The term Tamba Yaki refers to ceramics made in the village of Tachikui, Hyogo. This area has been involved in the ceramics trade for over eight centuries. There are few places in Japan that have such a consistent art tradition. Tamba Yaki is one of the six ancient Japanese pottery styles, and is certainly one of the oldest. That being said, the style has changed quite a bit over the years. For instance, Momoyama period Tamba pieces from the late 16th century have a refined feel that earlier pieces lack.

Momoyama era pieces feature a greenish glaze. This was actually the result of a happy accident. These examples of Tamba Yaki were fired in anagama cave kilns and these ovens left certain deposits in the glass. While this may have been thought of as a byproduct of the firing process at the time, this glaze has increased the collectible nature of these pieces.

Right at the end of Momoyama period, potters invented a type of kiln that was built on a slope. These noborigama units allowed them to produce a wide new variety of ceramics. By the early Edo years, the area started to export a good deal of pottery for feudal lords. Guidance from Enshu Kobori meant that the tea ceremony was becoming increasingly important, and local potters were taking on record numbers of orders. As the Edo period started to come to a close, many new techniques were introduced.

Photo credit: Artistic Nippon, “Ichino Masahiko”

Clay refining technology had come into its own, and popular tastes changes. This meant that Akadobe-yu became a major seller. It featured a deep red glazing that was a good deal different than the previous designs. While modern people are probably used to buying pottery in a number of different colors, this was actually quite innovative at the time. Different areas of Japan were mostly associated with a single glazing pattern and Akadobe-yu shattered that paradigm to pieces.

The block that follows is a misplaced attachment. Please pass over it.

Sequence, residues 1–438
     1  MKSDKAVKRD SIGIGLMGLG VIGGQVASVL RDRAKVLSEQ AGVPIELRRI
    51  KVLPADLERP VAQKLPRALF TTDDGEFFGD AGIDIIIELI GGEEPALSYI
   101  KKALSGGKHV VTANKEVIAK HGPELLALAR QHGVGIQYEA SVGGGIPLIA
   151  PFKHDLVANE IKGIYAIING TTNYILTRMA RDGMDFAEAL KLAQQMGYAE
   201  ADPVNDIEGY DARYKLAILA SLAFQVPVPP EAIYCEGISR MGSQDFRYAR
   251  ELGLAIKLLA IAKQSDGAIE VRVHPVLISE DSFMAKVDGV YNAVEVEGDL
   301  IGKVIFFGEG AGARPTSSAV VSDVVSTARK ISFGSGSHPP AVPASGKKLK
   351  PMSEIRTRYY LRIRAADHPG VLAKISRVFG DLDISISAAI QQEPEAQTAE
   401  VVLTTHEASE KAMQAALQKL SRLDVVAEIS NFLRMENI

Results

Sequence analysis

Shiro Tamba became quite popular as well. Pieces that carry this name are made out of fine white clay. Nevertheless, tanbayaki was still sold only regional into the early 20th century. At that time the Japanese arts and crafts movement created a push for rustic pottery. While many art critics once criticized tanbayaki for its perceived imperfections, people then started to praise it for its unique local flavor. In fact, this movement is the reason for it enjoying so much national popularity in the modern era.

Many pieces of tanbayaki have become precious yakimono art today. One of the things that never changed despite the progress of time was the simplicity that many of these pieces had. They are not intricate, and many of them became misshapen when they were fired. Collectors, however, adore the simple designs and natural imperfections. Organic designs are considered to be supreme since no design is perfectly straight in nature.

Yakimono art continues to be produced in Tachikui, Hyogo to this day. There’s some debate over whether or not newer pieces can be considered legitimate Tamba Yaki pieces, but most collectors don’t really mind. Some people are dedicated to certain eras while others collect pieces from a wide variety of time periods.

Historically, most Tamba yakimono pieces were storage jars or vases. The clay that they were made from is rich in iron, which is where the characteristic red color comes from. Despite this, there are also some famous sake bottles from the area. Tachikui area artists have additionally become famous for the slip trailing technique or itchin that allows them to put a marking on sake bottles to indicate who owned them. Some of these markings are works of art in their own right.